From April through November, the rainy season is in effect. The strongest rains are usually experienced between June and October. Cuba receives an average of little more than 50 inches of rain each year on average.
WHEN DOES THE RAINY SEASON IN CUBA BEGIN? The so-called wet season lasts from May to November, with the wettest months being June, July, September, and October, which get the most rainfall overall. Despite the fact that the whole Caribbean basin is afflicted by this tropical rainy season, visitors should not avoid the region altogether.
The dry season is the most pleasant time to visit Cuba (November to April). The months of March, January, and February are the most popular for tourists to travel to Cuba. Because it is wetter, hotter, and more humid, the rainy season is far less popular than the other seasons.
Due to the fact that Cuba does not receive much rain during the dry season, you can expect continuously clear sky and warm temperatures. However, even if the temperatures are milder, the sun is still powerful, so we recommend putting on sunscreen before heading out into the fresh air. One disadvantage of the dry season is that aquatic life enjoys it as well.
The first of May is International Workers Day. When the air temperature hits +34 °C (93 °F), summer in Cuba may be described as extremely hot; yet, the temperature can drop to +25 °C (77 °F) during the night. Extreme sports enthusiasts, particularly those who enjoy diving, water skiing, and motorbike riding, may find this season to be an ideal destination.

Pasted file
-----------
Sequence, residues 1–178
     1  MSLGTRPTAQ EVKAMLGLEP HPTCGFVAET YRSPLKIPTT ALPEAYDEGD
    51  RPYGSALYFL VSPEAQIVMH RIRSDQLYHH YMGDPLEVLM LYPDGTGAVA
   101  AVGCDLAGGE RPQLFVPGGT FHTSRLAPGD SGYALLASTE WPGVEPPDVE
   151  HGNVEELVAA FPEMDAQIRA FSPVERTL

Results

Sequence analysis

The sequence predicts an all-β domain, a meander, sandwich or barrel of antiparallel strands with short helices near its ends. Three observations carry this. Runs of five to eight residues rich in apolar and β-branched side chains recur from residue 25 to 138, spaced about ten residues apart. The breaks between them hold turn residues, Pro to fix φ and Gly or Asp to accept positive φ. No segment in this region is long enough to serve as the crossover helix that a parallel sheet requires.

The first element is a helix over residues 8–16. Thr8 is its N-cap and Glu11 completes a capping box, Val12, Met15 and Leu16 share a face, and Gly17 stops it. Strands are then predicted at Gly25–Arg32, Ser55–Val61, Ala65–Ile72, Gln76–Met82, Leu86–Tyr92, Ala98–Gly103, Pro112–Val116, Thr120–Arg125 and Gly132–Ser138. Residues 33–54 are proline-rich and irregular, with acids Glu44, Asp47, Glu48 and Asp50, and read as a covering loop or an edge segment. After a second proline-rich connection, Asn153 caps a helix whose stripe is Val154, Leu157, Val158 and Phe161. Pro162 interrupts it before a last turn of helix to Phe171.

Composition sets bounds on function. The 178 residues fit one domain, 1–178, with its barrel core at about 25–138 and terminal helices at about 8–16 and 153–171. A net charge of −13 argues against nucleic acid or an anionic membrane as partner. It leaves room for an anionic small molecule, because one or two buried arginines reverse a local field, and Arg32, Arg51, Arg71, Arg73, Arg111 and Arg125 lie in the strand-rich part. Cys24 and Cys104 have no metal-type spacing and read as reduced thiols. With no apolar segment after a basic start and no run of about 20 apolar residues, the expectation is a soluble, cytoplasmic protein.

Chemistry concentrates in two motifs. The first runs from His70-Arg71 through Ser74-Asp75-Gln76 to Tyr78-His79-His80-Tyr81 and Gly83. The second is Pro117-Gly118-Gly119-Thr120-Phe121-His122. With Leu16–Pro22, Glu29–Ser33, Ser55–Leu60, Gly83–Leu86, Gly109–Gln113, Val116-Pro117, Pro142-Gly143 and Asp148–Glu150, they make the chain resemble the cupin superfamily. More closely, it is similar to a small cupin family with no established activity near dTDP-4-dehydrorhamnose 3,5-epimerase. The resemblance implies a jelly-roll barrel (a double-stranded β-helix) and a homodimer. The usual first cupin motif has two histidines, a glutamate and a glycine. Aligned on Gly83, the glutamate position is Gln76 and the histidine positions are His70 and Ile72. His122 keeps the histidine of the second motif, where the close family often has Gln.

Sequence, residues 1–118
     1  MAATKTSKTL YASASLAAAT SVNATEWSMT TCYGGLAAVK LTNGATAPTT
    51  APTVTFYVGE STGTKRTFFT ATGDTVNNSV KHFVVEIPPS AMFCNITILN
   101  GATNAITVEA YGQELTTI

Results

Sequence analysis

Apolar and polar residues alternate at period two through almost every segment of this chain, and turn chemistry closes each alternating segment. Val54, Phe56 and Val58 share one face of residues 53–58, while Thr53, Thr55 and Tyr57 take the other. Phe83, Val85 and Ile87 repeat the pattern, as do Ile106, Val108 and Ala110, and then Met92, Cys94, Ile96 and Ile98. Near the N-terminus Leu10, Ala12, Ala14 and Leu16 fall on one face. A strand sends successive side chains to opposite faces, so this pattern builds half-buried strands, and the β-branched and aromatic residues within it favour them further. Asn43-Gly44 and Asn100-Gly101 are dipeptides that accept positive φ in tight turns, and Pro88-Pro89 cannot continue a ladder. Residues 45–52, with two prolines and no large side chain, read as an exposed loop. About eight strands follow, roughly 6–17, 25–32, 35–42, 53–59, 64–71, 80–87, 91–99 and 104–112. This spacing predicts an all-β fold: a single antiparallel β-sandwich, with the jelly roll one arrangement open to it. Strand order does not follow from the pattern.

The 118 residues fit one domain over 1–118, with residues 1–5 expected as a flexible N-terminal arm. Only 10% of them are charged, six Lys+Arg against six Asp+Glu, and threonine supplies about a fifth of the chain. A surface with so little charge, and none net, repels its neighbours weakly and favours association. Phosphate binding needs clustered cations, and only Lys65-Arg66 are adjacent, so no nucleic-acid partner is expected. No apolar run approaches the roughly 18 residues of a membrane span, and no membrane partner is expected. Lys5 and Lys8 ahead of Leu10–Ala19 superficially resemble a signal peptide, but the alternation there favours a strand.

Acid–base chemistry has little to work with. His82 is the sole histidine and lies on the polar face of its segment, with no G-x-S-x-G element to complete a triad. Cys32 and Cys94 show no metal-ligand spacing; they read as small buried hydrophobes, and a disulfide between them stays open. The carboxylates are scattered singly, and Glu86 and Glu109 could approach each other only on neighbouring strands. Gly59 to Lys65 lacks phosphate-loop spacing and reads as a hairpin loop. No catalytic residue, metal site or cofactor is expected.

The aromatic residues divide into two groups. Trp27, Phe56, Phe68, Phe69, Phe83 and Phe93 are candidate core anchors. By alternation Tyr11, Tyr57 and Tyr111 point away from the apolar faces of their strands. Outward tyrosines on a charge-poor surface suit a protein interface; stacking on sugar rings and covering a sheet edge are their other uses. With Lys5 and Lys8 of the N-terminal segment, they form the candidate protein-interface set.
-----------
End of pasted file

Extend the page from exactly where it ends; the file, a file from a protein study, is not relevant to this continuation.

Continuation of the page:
June is the wettest month (as measured by the amount of rainfall received) (182.3mm). March is the driest month (i.e., the month with the least amount of rainfall) (46.2mm).
The months of January and February are the most favorable for travel to Cuba. The island’s position in the Caribbean ensures balmy temperatures all year, with average lows in Havana dropping to 65 degrees Fahrenheit on a regular basis. Because of its geographical position, there are only two distinct seasons in Havana: the rainy and the dry.
The ″worst″ time to travel to Cuba is near the conclusion of the rainy season, when hurricanes begin to appear on the weather map and threaten the island. Avoid traveling to Cuba from the middle of August through the end of October if you want to avoid the risk of hurricanes.
When it comes to precipitation in Cuba, the month of November has the most, with an average rainfall of 2.8 inches. The dry season lasts for 2.9 months, from June 9 to September 6, and is the driest time of the year. With an average rainfall of 0.1 inch each month in July, Cuba has the least amount of rain in the year.
The area around Santiago de Cuba will be the hottest, but you may also consider visiting Holguin. I agree that Santiago is the warmest city, but the beaches in Holguin are far superior in terms of cleanliness and variety.
It will only rain for the entire day on extremely unusual instances. It was the first time I had ever had a day like that in my 50 visits to the country. In most cases, it is brief, sharp showers that last around 20 minutes or less, after which the clouds clear and the sun shines through.